100 books like On Being Maya and Getting by

By Sarah R. Taylor,

Here are 100 books that On Being Maya and Getting by fans have personally recommended if you like On Being Maya and Getting by. Shepherd is a community of 11,000+ authors and super readers sharing their favorite books with the world.

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Book cover of Incidents of Travel in Yucatan, Vols. I and II

Gabriela Vargas-Cetina Author Of Beautiful Politics of Music: Trova in Yucatan, Mexico

From my list on falling in love with Yucatan’s ethnography.

Why am I passionate about this?

I grew up in Valladolid, a semi-rural city of Yucatan. My parents loved the history and archaeology of the Yucatan peninsula, which not long ago was a single cultural and linguistic entity. I grew up dreaming of becoming an archaeologist. With time, I became fascinated with people and sociality within and beyond Yucatan, so I became an anthropologist. I trained as an anthropologist in Mexico and Canada, and have done research in Canada, Italy, Mexico, and Spain. I live and work in Yucatan, as a professor of anthropology. Good ethnographies are what anthropology is about, and those I write about here are some of the best.

Gabriela's book list on falling in love with Yucatan’s ethnography

Gabriela Vargas-Cetina Why did Gabriela love this book?

I read this book when I was a teenager growing up in Yucatan.

Stephens’ description of both the everyday life of Yucatecans in local villages and cities, and of the imposing ruins left by the Maya are enchanting. Catherwood’s drawings and plates are both accurate and dream-like representations of Yucatecan life, Maya ruins and artifacts at the time.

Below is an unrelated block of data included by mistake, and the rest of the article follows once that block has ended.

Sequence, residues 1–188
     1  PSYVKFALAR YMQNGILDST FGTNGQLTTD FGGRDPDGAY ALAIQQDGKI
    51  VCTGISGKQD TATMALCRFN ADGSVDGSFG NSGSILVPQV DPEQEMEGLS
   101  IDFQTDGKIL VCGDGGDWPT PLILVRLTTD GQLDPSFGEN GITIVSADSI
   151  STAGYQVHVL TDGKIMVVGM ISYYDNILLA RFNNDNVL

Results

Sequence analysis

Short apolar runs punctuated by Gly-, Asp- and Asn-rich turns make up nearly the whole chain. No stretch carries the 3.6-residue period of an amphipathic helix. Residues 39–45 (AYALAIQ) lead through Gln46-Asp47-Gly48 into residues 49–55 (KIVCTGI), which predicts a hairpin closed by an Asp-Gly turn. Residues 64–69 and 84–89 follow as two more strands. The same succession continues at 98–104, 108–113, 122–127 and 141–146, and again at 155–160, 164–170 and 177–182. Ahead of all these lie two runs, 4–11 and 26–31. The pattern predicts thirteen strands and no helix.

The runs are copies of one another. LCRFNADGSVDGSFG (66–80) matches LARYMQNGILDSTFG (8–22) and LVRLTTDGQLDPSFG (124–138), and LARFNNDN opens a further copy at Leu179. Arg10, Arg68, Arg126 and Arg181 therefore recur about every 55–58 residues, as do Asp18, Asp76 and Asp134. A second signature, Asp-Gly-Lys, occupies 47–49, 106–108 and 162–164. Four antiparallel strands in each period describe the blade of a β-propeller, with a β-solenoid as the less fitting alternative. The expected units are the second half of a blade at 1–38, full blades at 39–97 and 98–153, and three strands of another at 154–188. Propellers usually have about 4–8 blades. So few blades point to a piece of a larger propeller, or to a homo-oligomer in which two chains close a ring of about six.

The book left vivid pictures in my mind; I could and still can see across Yucatan the traces of what Stephens described and Catherwood caught with his drawings and plates.

This book has resisted the passage of time as a story of travel and discovery. As a tale of adventure and wonderment, it was and remains a brilliant prelude to the ethnography of the area.

By John Lloyd Stephens, Frederick Catherwood (illustrator),

Why should I read it?

1 author picked Incidents of Travel in Yucatan, Vols. I and II as one of their favorite books, and they share why you should read it.

What is this book about?

Both volumes of John Lloyd Stephens epic accounts of the Yucatan are united in this single volume, complete with over 100 illustrations of encounters on his journeys in Central America.

Prior to the 1840s, when J. L. Stephens published this superb account of his explorations, the Yucatan was only crudely charted by Western explorers. Yet their descriptions of the odd ruins and beautiful landscape intrigued the young John Lloyd Stephens, who spent years yearning to explore and better chart the faraway lands. After a number of years spent traversing Europe and Egypt, Stephens was in 1839 commissioned as a Special…


Book cover of The Two Milpas of Chan Kom: Scenarios of a Maya Village Life

Gabriela Vargas-Cetina Author Of Beautiful Politics of Music: Trova in Yucatan, Mexico